Despite the speed in which technology is developing, the physical bricks and mortar will always be an essential requirement. As of 2018, the UK played home to approximately 5.7 million private sector businesses. Each and every one of those will have tactically considered where they locate their premises. City centres have the largest amount of trading businesses — there are 14 per cent of private sector jobs, and eight per cent of private sector businesses located on only 0.08 per cent of the area of Britain. There are a variety of factors which influence where a company decides to plant its roots.
Many exporters of service choose to set up base in the city, while exporters of goods opt for more country-like locations. Here, with Lookers Nissan, who sell the new Nissan Micra, we analyse the various factors which influence where business choose to set up in the UK.
Developments in technology call for an increase in the number of skilled workers to operate the variety of machinery within goods exporting businesses, and systems within service exporting businesses. It should come as no surprise that there exists a concentration of skilled workers in city centre locations matching the significant association of high GDP. In the past two decades, London has rapidly grown in regard to the number of skilled workers which it plays home to, alongside its connection with the wider global economy. As of 1997, London and the south-east accounted for a third of all national output, increasing to 37.7 per cent in 2015. It is expected to peak at 40.1 per cent in 2022. GDP in London alone was sitting at 18.7 per cent back in 1997. Now, it is predicted to rise to 24.8 per cent by 2022. As these numbers continue to exponentially grow, the number of highly skilled workers will naturally be attracted to pursue careers in London and the south-east, in turn encouraging businesses to set up camp here.
Although the continual growth of London and the South-East might be providing major positives for both respective areas, unfortunately it translates into a lack of the country’s top talent branching out. From a study conducted by the Centre for Cities, it became apparent that one in four graduates are moving to the capital following completion of their university degree in pursuit of a career. The statistics were most stark when taking into consideration Oxbridge graduates, of which 52 per cent chose to move to the capital.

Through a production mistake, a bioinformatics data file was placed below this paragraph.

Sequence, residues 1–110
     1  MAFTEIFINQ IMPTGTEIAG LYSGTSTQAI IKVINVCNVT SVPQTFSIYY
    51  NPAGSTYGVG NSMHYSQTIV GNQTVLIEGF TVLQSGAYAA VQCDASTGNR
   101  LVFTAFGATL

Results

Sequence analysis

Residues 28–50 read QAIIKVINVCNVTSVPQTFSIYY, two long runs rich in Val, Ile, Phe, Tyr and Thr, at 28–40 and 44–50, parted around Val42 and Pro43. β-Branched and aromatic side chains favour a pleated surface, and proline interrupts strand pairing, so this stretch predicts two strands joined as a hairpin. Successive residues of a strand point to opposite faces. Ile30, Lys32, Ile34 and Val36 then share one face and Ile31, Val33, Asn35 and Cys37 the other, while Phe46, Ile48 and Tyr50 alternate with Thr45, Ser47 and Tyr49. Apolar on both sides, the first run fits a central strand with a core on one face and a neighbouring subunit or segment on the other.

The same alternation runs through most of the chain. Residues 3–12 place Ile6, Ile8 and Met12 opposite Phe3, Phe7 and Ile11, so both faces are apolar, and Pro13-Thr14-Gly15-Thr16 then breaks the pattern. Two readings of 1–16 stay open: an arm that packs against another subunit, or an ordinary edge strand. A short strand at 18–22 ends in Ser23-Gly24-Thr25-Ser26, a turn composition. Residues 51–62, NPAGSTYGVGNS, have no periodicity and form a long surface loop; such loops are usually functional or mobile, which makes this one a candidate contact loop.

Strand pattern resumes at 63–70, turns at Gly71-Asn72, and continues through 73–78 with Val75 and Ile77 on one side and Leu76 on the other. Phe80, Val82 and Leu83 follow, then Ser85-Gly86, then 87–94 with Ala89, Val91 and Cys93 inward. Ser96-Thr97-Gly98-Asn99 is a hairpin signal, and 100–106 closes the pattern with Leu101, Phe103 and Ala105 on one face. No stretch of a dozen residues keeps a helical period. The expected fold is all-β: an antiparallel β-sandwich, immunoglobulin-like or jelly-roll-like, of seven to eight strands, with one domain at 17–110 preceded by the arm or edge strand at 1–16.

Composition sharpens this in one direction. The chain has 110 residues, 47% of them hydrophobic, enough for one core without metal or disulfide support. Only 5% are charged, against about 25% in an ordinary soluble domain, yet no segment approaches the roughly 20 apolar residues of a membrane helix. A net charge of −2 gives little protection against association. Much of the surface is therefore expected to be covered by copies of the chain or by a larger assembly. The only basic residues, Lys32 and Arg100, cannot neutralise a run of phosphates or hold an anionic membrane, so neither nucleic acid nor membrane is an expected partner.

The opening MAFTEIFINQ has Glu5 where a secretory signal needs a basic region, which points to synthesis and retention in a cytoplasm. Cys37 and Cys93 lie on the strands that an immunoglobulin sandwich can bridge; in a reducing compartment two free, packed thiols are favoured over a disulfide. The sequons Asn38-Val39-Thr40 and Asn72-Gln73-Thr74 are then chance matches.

This might not be the first thing you would consider when examining why a business would decide upon a particular location. However, it can play a significant role. No business wants to be spending more than it needs to do. Keeping costs low are particularly important for any company, but for a new business, it is utterly crucial. Safer areas relate to lower insurance premiums, with areas such as the capital more likely to experience crime. Meanwhile, cities such as Newcastle, Aberdeen, and Plymouth, rank highly as the safest places in the UK, according to survey conducted by OnePoll.
Alongside premiums being larger, for protection of premises in less-safe areas, companies will be forced to invest in the likes of round the clock security guards and complex CCTV systems.
Transport links can exist as somewhat of a double-edged sword in regard to where a business decides to position itself. Take the likes of the manufacturing industry for example. Exporting most of their goods abroad means they will often choose to locate themselves close to either a port or an airport, allowing for easy distribution of their products. Accessibility amongst customers and staff is also worth taking into consideration. Public transport and car parking can significantly impact someone’s decision over whether or not to give you their custom. It can also impact recruitment if your premises are inaccessible by public transport.
For many businesses their main source of custom comes via footfall. If a shopper heads into the town to buy some toiletries, but then spots a sale at the shoe shop next door and purchases from that shop, that shopper has contributed to footfall. If a business, however, decides to locate its premises on an industrial estate 10 miles away from the nearest transport links, chances are they aren’t going to benefit from the effects of footfall. Of course, this depends on what the business specialises in. A car showroom can turn a profit by positioning itself on the outskirts of a town as it is dealing in high value goods that customers are unlikely to buy on a whim. Businesses, similarly, must take into consideration that with increased footfall comes increased competition.
When setting up a new business, there are a variety of factors worth taking into consideration in regard to location of premises. This article has touched on a handful of the reasons, however they can play a significant impact on sales success!